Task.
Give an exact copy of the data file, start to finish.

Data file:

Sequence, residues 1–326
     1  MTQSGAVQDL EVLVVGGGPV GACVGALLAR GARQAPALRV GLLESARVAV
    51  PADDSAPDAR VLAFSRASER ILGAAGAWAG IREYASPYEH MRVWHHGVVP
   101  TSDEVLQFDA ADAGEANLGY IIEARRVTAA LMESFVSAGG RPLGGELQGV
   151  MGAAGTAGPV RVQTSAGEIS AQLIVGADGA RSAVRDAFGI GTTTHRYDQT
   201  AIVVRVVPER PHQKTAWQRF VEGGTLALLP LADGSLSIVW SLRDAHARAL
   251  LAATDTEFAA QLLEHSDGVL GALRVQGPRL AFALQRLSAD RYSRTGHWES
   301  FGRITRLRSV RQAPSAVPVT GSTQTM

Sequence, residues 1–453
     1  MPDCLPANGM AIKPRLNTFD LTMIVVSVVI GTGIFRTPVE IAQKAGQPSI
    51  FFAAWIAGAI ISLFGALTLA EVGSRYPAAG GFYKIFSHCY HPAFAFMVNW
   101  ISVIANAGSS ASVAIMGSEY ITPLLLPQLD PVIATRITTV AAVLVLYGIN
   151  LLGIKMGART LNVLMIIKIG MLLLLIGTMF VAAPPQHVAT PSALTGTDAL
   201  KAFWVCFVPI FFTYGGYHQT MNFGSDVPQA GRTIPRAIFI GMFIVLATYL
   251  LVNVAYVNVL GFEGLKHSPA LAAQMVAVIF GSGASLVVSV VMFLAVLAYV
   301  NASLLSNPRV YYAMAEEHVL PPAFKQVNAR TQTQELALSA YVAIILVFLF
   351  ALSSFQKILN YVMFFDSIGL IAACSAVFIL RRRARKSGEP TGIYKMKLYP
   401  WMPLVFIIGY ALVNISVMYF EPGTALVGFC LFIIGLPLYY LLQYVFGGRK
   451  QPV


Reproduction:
Sequence, residues 1–326
     1  MTQSGAVQDL EVLVVGGGPV GACVGALLAR GARQAPALRV GLLESARVAV
    51  PADDSAPDAR VLAFSRASER ILGAAGAWAG IREYASPYEH MRVWHHGVVP
   101  TSDEVLQFDA ADAGEANLGY IIEARRVTAA LMESFVSAGG RPLGGELQGV
   151  MGAAGTAGPV RVQTSAGEIS AQLIVGADGA RSAVRDAFGI GTTTHRYDQT
   201  AIVVRVVPER PHQKTAWQRF VEGGTLALLP LADGSLSIVW SLRDAHARAL
   251  LAATDTEFAA QLLEHSDGVL GALRVQGPRL AFALQRLSAD RYSRTGHWES
   301  FGRITRLRSV RQAPSAVPVT GSTQTM

Sequence, residues 1–453
     1  MPDCLPANGM AIKPRLNTFD LTMIVVSVVI GTGIFRTPVE IAQKAGQPSI
    51  FFAAWIAGAI ISLFGALTLA EVGSRYPAAG GFYKIFSHCY HPAFAFMVNW
   101  ISVIANAGSS ASVAIMGSEY ITPLLLPQLD PVIATRITTV AAVLVLYGIN
   151  LLGIKMGART LNVLMIIKIG MLLLLIGTMF VAAPPQHVAT PSALTGTDAL
   201  KAFWVCFVPI FFTYGGYHQT MNFGSDVPQA GRTIPRAIFI GMFIVLATYL
   251  LVNVAYVNVL GFEGLKHSPA LAAQMVAVIF GSGASLVVSV VMFLAVLAYV
   301  NASLLSNPRV YYAMAEEHVL PPAFKQVNAR TQTQELALSA YVAIILVFLF
   351  ALSSFQKILN YVMFFDSIGL IAACSAVFIL RRRARKSGEP TGIYKMKLYP
   401  WMPLVFIIGY ALVNISVMYF EPGTALVGFC LFIIGLPLYY LLQYVFGGRK
   451  QPV